"Start and park" is a NASCAR phenomenon whereby fly-by-night outfits qualify for races only to park the car a few laps in (mechanical issues, a likely culprit). The primary goal of said effort, the decent-sized check awarded to even backmarkers. Though by no means unique to 2009 and its tough economic times, it’s become enough of a hot-button issue that Robin Pemberton, NASCAR VP of Competition (above), issued a statement last Friday outlining NASCAR’s opinion on the matter.
"We owe it to the garage area [to make sure] that everybody is on the up-and-up," Pemberton said. "When they [drop] out, we will continue to look at what put those cars out. What we’re going to encourage at this level is that people participate and do what they can do to race. What we want to prevent is someone legitimately trying to do a race setup and getting bumped out by somebody that may have gone above and beyond what the spirit of the rules are."
It appears that Pemberton was answering a question that hadn’t been asked, at least not very publicly as of last Friday. According to a long and comprehensive story at Frontstretch.com, NASCAR was said to have been extremely angry that two acknowledged start-and-parkers took spots from two teams that are busting their asses to make races, secure sponsorship, and make a legitimate effort to be competitive.
For the most part, when I’ve considered the issue, I’ve adopted the line articulated by Kasey Kahne as quoted by the same Frontstretch.com story: “If guys can figure a way out to make a living, enjoy themselves, make the race, and pull over…I don’t see anything wrong with it."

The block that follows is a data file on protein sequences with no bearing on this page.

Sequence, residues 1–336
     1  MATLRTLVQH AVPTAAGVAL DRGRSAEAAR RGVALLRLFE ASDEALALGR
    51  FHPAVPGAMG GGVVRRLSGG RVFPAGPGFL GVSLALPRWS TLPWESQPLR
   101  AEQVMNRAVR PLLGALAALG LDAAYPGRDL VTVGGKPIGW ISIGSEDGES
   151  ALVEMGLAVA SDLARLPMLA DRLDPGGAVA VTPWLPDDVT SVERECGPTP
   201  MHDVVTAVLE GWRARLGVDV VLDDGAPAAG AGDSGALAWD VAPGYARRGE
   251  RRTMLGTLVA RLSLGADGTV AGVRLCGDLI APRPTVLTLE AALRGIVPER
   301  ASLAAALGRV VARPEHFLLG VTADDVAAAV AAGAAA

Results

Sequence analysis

That philosophy, of course, ignores the inherent advantages open to a team that’s running a qualifying setup and not a full-on race package. At the very least, NASCAR needs to devise a system whereby start-and-parkers are not allowed an unfair advantage over teams making real, serious efforts to race.
Regardless, there was a more troublesome issue raised by the Frontstretch.com story: given its TV contract, NASCAR has a monetary incentive to see to it that fields are full each weekend and has apparently taken steps to ensure that they are, regardless of overall quality.
If that’s true — and it’s a charge that would be difficult to prove — it would appear that start-and-parkers aren’t the only ones guilty of undermining the spirit of true competition.